￼In December 2017, Brooks Alberta became home to Canada’s largest solar farm, the first utility scale photovoltaic project in the West. With 50,000 panels it comprises an area of 30-hectares, (74 acres) situated just outside of the town, visible from the trans-Canada highway. The array will be able to power 3000 homes when it is under full production on those sunny days so familiar to the locals.
Innisfail Alberta, has announced a 15 to 20 megawatt solar installation to be completed tentatively by the end of 2019. If all goes to plan the electrical plant will comprise of 28 Hectares (70 acres) and will power 3-4000 homes when in full operation. Just one of a reported 73 projects in the planning stage for the province, public consultations for the Innisfail project are scheduled for this summer, with construction slated for May of 2019.
Alberta also announced approval for three companies to build four additional wind farm projects. These wind farms will add 600 megawatts energy to the grid over and above the provinces current capacity. Edmonton’s Capital Power proposes a 201 MW project; EDP Renewables is at 248 MW, followed by Enel Green Power Canada’s two projects of 115 and 31 MW respectively.
The Alberta government plans on spending 1.4 billion dollars in funding directed on “fostering Innovation in the oil and gas sector and reducing the carbon emitting intensity of the industry.” This funding consists of $225 million for innovations that reduce GHG across industry, $240 million for energy efficiency, $63 million for bioenergy, like biofuel and ethanol, and $400 million for financial institutions and corporations that invest in renewable energy and energy efficiency measures. The majority of these monies will be provided by the provinces carbon tax, the tax contributed to by the citizenry.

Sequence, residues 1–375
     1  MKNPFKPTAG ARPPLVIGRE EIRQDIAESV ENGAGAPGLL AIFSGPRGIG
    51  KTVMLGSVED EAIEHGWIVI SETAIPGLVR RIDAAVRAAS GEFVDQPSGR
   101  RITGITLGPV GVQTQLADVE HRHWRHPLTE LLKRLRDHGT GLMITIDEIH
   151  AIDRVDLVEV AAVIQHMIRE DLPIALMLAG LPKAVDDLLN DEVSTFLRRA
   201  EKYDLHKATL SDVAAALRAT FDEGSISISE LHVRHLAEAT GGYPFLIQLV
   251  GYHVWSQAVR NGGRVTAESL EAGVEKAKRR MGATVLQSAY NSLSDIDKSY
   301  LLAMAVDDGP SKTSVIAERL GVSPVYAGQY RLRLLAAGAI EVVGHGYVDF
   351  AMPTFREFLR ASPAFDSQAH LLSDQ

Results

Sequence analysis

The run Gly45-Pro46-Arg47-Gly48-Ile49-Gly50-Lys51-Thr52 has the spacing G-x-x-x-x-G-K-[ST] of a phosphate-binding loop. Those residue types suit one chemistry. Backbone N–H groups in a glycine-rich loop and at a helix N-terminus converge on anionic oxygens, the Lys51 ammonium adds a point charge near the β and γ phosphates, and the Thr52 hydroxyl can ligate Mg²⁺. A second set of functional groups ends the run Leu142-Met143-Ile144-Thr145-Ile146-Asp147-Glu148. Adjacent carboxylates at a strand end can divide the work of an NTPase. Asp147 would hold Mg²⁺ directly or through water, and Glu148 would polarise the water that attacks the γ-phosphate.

In contrast, the state of South Australia has announced a plan whereby 50,000 homes will be grid connected to form the world’s largest virtual power plant. This innovation joins the countries other green energy achievements notably the world’s largest battery, -developed by Tesla it came on line in December of 2017-, and the world largest single tower solar thermal power plant, a 150 megawatt project which is scheduled to start construction in 2018.
The virtual power plants appeal lies in the application; consisting of a 5 kW array and a 13.5 kWh Tesla power-wall battery being installed in these 50,000 homes, notable due to the “zero” cost to participating households. The funding would be derived with the sale of electricity, a $2 million (Aus.) government grant, and a $30 million loan from their Renewable Technology Fund.
Australia has repealed its carbon laws which priced greenhouse-gas emissions in 2014, this after it was found the tax increased living costs; energy bills, and did little for the environment. The country has since refocused its fight against GHG emissions by encouraging economic growth to provide the funding for innovative renewable energy installations.
The population cannot fund innovation if they can’t fund expenses initiated by geography, climate, and government.
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